NiteFlights Fri 11-Jan-19 14:33:50

I like the different meanings of names for items of clothing, eg

Vest v waistcoat
Tank top v vest
Purse v handbag
Apparently in the US a jumper is what we would call a pinafore dress!

Differences in language are so interesting. I always thought ‘can I get’ was common in Scotland actually, and not really an Americanism.

WaxMyrtle Fri 11-Jan-19 14:33:57

It's funny how things have reversed. Now Americans don't really give much of a shit about British people or what they say/do

I think that’s increasingly true Stupomax. Before Prince Harry’s wedding British friends were asking if “the Americans were going wild about the wedding”

grin No.

There was obviously stuff in the media about it but in real life I don’t know anyone who was in the least interested.

Even among the local British expats the one lady who tried to organise a flag waving wedding watching breakfast party was met with blank stares. grin

troubleswillbeoutofsight Fri 11-Jan-19 14:34:18

I say meet with. I thought it correct English English

Parthenope Fri 11-Jan-19 14:35:05

many of the things that end up on threads like these are not Americanisms at all and are in daily use in Scotland and Ireland.

The exact same instead of exactly the same.

Yup. I grew up saying that, and I'm Irish.

Some UK vs US preposition usages are quite different --
'I visited with Jane' instead of 'I visited Jane'
'I talked to her' vs 'I talked with her'
'He crushed on his teacher' vs 'He had a crush on his teacher'
'Write me' vs 'Write to me', as already said.
'On the weekend' vs 'at the weekend'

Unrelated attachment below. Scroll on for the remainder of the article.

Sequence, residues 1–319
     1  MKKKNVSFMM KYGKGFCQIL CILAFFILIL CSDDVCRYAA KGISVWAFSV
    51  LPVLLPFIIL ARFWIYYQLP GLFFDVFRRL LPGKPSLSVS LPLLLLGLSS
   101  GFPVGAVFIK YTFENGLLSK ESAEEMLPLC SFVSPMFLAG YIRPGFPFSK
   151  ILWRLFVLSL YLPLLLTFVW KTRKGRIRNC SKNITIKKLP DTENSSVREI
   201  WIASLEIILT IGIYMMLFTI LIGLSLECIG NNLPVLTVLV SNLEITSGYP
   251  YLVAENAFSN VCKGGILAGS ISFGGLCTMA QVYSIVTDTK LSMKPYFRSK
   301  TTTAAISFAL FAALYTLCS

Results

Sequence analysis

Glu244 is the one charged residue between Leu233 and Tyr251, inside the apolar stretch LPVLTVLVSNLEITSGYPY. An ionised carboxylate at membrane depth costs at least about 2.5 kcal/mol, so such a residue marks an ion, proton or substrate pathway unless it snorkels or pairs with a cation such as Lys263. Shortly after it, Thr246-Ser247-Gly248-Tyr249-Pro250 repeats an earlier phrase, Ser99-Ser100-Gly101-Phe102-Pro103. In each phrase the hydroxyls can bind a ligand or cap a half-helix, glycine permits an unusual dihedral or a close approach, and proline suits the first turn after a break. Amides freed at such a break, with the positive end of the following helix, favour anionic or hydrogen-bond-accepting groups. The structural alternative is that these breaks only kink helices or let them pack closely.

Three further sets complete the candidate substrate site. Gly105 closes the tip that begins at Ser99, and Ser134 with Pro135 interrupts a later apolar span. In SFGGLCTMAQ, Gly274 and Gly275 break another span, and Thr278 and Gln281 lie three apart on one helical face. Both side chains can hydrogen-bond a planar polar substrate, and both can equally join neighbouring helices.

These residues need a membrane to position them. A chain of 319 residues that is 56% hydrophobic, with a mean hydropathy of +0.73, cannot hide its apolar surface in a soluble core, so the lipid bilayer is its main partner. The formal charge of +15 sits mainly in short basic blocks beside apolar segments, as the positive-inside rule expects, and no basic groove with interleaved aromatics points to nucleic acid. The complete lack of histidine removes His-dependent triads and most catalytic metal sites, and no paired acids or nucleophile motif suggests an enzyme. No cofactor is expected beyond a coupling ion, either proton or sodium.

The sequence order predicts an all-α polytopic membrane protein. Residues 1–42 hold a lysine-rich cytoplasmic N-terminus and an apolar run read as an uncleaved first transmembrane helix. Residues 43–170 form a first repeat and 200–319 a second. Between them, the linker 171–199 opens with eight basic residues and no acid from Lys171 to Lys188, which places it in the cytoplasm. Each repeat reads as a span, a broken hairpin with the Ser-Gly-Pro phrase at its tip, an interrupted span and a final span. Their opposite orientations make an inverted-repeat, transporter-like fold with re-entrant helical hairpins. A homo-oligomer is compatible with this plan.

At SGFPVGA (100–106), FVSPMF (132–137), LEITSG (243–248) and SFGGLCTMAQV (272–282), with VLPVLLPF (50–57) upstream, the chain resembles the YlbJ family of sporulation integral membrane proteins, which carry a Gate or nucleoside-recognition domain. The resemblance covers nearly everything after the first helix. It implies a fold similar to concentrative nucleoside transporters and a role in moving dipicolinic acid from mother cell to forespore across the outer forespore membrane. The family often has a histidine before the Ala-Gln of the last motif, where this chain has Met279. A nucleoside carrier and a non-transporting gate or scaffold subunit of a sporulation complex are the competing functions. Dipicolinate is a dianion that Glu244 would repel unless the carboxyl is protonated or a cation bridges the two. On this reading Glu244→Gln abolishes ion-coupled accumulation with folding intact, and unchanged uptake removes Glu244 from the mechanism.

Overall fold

'They were hating on the new girl' vs 'They hated the new girl'

Though some of these are blurring into a sort of transatlantic internet English.

pixilatedpenguin Fri 11-Jan-19 14:35:29

Deplane instead of disembark
Beverize
Momentarily which in the uk means for a short time but In the US means soon

FVFrog Fri 11-Jan-19 14:35:58

Yes, yes on pants and the US pronunciation of khaki (cacky) which has my then 6 and 8 year olds rolling with laughter and horror at an Old Navy advert for khaki trousers (referred to as cacky pants!)

pixilatedpenguin Fri 11-Jan-19 14:36:34

Cremains instead of ashes

BartonHollow Fri 11-Jan-19 14:38:55

@pixilatedpenguin

I have NEVER heard that!

That's awful it doesn't even sound real!

WaxMyrtle Fri 11-Jan-19 14:39:02

myimaginary “jelly” as “justgetting” says is old Scottish usage. Have you never heard of a “jeelie piece” (jam sandwich)?

They do have jam in the US also.

Myimaginarycathasfleas Fri 11-Jan-19 14:39:18

I also think that people forget how quickly we assimilate Americanisms. No-one turns a hair now at “cheated on”. It is very much part of the British lexicon.

reallybadidea Fri 11-Jan-19 14:39:59

I love "Americanisms". I think American English is an amazingly rich and creative language.

chemenger Fri 11-Jan-19 14:40:18

I say meet with for a meeting, when we all go somewhere to sit down and discuss but meet for joining up to go out or do something. So “I’m meeting with the HR team to discuss bonuses” but “I’m meeting Jane to go shopping”.